We're All Later Life Advisers Now! Why Training and Advice are the Right Choice for Those Advising Over-55s

Jane Finnerty Joint Chair, Society of Later Life Advisers (SOLLA)

Published on 18th July 2022

It always strikes me as odd when advisers say later life advice isn't for them as there must be very few advisers who don't offer this advice to the over 50s. One of the most enjoyable parts the adviser role is helping clients think about their future aspirations. However, the conversation will be quite different for our 45-year-old clients compared to our 75-year-old ones.

The Financial Conduct Authority (FCA) Consumer Duty focusses on financial services that aren't always working well for everyone. The regulator is looking for firms to 'step up' and put clients at the heart of their businesses by ensuring sales and advice processes don't result in more harm than good. It's no longer possible to ignore the fact that having a good advice experience will result in better outcomes.

Firms need tangible examples of how they understand this, such as how information is presented to older clients, taking into account their behavioural biases, as well as demonstrating adaptions to help meet older and potentially vulnerable customer's needs.

SOLLA understands the practical changes needed and the business benefits of doing them. Setting out clearly what a later life advice proposition should be helps identify any shortcomings and highlights opportunities for improving conversations. Developing advice skills and capabilities are key and a large part of the training SOLLA offers.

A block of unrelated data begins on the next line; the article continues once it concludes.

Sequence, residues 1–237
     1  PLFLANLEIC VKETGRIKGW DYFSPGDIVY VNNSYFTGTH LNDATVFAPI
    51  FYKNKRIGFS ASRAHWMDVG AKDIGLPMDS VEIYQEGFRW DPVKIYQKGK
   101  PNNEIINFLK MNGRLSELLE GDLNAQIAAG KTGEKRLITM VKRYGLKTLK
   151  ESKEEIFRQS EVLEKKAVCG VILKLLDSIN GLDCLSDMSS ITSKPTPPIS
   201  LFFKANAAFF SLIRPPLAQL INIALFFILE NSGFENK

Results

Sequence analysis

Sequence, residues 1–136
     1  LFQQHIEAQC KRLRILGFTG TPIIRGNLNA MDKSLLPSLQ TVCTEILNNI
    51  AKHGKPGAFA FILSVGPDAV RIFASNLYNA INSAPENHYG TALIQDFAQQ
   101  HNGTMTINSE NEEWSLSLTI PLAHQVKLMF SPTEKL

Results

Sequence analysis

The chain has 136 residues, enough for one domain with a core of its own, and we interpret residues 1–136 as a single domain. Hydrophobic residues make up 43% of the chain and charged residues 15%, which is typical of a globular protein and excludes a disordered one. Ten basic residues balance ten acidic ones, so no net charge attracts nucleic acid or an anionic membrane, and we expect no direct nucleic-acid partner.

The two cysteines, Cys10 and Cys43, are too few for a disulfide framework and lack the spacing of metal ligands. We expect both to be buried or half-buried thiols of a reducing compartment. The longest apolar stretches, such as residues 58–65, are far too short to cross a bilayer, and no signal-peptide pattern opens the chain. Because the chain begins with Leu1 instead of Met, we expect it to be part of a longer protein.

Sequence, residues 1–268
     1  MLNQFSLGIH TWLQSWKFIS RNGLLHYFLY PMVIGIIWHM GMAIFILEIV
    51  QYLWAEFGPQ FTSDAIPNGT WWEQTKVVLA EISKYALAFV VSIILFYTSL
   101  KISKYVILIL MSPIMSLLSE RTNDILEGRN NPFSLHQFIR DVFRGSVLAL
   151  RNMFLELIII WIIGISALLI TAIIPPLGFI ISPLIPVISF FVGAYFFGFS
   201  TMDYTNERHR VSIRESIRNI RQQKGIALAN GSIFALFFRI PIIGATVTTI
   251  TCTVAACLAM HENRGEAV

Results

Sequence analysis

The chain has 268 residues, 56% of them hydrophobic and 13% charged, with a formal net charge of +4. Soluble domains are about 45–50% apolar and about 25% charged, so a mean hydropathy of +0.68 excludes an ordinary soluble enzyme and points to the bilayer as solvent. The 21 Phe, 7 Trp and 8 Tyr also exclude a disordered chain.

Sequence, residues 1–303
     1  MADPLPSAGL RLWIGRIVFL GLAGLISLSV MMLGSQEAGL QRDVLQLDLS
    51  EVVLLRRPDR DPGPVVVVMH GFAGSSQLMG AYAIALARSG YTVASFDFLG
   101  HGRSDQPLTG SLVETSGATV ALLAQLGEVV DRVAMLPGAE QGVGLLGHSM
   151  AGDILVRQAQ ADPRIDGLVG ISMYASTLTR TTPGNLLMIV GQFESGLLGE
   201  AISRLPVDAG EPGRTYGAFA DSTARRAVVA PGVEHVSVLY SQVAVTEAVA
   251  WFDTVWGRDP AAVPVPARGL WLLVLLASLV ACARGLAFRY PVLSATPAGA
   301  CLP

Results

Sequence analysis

The family home is central to an overall later life plan but, too often, opportunities around using that asset as an income source in later life can be overlooked. Confidently discussing the need for a valid will and lasting power of attorney is an opportunity to have contact with wider family members and other professionals. All clients need the right protections and contingencies in place should they need assistance with their finances or care needs in the future, and this should be a central aspect of any advice offering.

With longevity comes care needs, so it shouldn't be a surprise when this is raised during fact finding exercises and regular reviews with clients, exploring areas such as:

A Referral Proposition for Consideration

  • Is it important for you to stay in your own home in later life?
  • Have you thought about what support you or a loved one might need?
  • What do you know about the different types of care or being a carer for a loved one?
  • What are your plans about leaving a legacy?

What happens to our clients after 60 is not just down to ageing but also the choices they make, so helping clients to make good financial choices is essential.

SOLLA advice standards are recognised tangible evidence that an adviser has gone the extra mile to make the client experience and advice outcomes the best they can be, which is something all good advisers want to do.

For more information on SOLLA and SOLLA advice standards for later life lending visit:

Society of Later Life Advisers

Later Life Lending Standard:

Click here to read more about the recent long-term care advice guide jointly produced by My Care Consultant in partnership
with Pure Retirement.

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